A nosebleed can be on the scariest things to happen to a young child, especially the first time it happens. Nosebleeds, like many cuts to scalp or face, tend to bleed quite a lot and perhaps because its right there on the face, all that blood looks and feels like more than what it really is.
So, what causes a nosebleed, what can you do when one occurs and when SHOULD you panic? Here are some helpful tips to better prepare you for when these little emergencies happen.
A nosebleed most commonly occurs because the thin membrane in the lining of the nose becomes too dry. This can happen a lot in the winter time or any time if the person has been ill – like with a cold or sinus infection.
Another common cause of nosebleeds in children comes from small trauma, like nose picking or having a small object stuck up the nose. Children frequently scratch, pick or have a tendency to shove small toys into their noses and this in turn will tear that same mucous membrane often cause a minor nose bleed. The good news is that these types of nose bleeds will most often resolve quickly.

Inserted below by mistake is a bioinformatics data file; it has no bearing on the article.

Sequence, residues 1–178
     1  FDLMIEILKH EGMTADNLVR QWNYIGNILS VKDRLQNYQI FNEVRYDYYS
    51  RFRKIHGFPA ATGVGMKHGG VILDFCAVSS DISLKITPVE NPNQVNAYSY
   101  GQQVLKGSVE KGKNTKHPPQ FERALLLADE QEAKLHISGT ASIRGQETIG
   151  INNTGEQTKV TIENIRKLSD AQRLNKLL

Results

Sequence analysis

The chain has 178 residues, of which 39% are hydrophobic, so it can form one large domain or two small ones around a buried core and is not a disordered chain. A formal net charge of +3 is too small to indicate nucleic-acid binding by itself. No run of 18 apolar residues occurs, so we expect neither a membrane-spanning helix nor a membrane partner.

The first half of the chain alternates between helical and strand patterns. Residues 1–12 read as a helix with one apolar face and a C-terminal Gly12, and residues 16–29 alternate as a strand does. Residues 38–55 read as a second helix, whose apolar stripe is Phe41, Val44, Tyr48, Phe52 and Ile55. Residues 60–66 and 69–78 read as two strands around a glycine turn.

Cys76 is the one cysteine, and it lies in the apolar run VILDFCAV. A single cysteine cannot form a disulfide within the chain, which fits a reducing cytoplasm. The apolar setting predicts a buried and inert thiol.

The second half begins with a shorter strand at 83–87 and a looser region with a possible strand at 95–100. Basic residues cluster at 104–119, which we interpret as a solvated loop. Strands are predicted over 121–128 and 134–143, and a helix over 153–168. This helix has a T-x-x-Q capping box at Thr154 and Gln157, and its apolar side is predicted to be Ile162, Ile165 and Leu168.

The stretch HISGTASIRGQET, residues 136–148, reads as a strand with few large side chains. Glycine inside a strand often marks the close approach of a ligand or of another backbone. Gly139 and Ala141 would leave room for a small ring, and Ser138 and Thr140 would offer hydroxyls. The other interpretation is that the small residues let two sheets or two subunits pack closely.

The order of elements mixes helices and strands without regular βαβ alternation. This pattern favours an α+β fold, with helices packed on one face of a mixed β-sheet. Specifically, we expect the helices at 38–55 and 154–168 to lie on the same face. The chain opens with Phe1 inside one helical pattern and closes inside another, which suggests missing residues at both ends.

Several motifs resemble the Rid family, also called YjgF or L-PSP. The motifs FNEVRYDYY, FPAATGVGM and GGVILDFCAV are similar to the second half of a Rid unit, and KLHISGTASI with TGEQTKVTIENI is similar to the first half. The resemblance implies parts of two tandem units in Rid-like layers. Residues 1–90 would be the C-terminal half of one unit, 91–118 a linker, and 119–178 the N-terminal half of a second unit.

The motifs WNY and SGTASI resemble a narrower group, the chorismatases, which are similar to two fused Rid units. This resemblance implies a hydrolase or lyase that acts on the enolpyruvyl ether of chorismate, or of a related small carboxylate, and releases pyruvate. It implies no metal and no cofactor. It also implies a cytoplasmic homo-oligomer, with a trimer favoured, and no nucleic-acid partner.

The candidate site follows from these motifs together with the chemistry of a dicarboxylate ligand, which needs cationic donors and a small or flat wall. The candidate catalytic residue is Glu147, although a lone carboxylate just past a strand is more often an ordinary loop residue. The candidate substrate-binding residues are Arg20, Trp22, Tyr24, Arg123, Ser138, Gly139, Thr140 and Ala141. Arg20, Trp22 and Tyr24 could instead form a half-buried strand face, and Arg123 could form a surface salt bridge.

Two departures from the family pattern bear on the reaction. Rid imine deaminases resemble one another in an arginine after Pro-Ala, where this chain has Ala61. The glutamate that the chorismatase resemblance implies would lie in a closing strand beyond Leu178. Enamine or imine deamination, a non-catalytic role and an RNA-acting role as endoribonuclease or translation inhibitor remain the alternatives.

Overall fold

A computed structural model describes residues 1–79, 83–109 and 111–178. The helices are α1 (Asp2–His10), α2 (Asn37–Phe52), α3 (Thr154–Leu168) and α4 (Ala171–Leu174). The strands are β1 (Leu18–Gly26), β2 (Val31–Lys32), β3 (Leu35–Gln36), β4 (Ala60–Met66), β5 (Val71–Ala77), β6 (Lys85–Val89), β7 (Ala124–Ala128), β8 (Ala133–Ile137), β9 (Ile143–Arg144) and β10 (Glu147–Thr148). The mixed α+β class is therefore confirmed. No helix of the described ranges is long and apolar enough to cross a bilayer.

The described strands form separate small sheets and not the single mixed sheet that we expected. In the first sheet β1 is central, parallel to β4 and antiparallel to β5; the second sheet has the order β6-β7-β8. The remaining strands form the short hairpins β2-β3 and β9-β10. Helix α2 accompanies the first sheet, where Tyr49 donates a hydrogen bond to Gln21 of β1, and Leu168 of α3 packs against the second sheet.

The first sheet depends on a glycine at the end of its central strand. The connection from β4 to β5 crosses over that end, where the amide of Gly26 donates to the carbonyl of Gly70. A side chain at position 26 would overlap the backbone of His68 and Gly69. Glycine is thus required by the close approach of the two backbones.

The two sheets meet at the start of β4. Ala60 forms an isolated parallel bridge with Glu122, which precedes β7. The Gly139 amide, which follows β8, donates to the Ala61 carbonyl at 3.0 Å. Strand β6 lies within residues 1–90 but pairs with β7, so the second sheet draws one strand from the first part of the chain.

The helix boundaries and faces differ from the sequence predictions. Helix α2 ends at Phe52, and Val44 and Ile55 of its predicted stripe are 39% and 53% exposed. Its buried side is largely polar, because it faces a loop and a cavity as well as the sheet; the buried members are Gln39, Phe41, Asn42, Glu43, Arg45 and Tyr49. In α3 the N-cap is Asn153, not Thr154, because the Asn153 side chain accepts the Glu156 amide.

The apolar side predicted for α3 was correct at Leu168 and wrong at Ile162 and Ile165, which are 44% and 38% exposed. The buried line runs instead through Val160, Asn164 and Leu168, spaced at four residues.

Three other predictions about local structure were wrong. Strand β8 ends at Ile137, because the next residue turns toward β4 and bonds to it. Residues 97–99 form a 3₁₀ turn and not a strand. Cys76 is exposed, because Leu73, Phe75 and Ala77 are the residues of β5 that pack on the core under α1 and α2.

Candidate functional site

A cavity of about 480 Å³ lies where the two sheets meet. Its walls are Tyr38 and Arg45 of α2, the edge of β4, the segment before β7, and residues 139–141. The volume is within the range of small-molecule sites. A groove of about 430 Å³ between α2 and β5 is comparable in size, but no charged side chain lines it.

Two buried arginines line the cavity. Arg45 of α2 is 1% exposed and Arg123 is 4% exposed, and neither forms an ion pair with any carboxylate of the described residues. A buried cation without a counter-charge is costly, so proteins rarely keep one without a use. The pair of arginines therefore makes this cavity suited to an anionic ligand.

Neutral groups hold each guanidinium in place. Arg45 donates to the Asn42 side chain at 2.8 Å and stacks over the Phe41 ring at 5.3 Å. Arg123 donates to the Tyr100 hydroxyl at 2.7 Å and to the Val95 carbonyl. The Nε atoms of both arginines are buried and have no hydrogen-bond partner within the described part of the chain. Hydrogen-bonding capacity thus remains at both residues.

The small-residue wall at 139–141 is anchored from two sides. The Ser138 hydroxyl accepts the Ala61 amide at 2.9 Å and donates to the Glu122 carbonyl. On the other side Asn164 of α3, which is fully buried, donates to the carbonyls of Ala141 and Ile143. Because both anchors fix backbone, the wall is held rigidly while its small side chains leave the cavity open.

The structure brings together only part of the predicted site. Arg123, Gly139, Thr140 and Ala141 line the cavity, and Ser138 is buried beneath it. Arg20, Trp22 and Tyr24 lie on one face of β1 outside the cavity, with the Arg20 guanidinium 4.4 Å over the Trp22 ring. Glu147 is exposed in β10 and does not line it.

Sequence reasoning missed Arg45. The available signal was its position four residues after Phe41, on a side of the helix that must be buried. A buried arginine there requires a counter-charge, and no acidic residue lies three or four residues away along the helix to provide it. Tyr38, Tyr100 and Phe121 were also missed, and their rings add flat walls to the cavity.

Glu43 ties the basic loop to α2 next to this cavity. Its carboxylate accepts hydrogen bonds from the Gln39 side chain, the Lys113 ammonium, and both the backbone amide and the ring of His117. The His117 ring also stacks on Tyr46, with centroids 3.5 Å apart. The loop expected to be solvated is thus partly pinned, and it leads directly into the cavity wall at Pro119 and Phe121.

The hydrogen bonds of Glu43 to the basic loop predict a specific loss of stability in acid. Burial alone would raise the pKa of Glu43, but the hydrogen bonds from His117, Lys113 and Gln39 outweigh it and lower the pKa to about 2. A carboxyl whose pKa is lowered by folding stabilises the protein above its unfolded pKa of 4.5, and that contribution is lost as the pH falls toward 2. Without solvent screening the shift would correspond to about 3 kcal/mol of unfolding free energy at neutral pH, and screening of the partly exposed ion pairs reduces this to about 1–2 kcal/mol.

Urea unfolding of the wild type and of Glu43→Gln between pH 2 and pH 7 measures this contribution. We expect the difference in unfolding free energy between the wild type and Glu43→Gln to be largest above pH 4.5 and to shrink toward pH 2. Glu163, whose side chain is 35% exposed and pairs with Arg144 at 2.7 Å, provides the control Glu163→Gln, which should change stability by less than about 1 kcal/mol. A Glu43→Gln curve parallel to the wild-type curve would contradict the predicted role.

In rare instances, adults can get nose bleeds from certain medical conditions and medications they may be taking. Blood thinners are a common culprit – even aspirin is enough for many older adults to get a slight nosebleed. Again, in many cases these will resolve on their own without any medical intervention.
If a nosebleed does occur- here’s what you can do:
- Sit, leaning slightly forward. DO NOT TILT THE HEAD BACK. Tilting the head back will cause the blood to run down the back of the throat and may lead to nausea/vomiting.
- Pinch the nose gently.
- Apply a cold compress to the top of the nose.
- If the nosebleed is a result of injury (fall or blow to the face) or bleeding continues for more than 20 minutes, SEEK IMMEDIATE MEDICAL ATTENTION.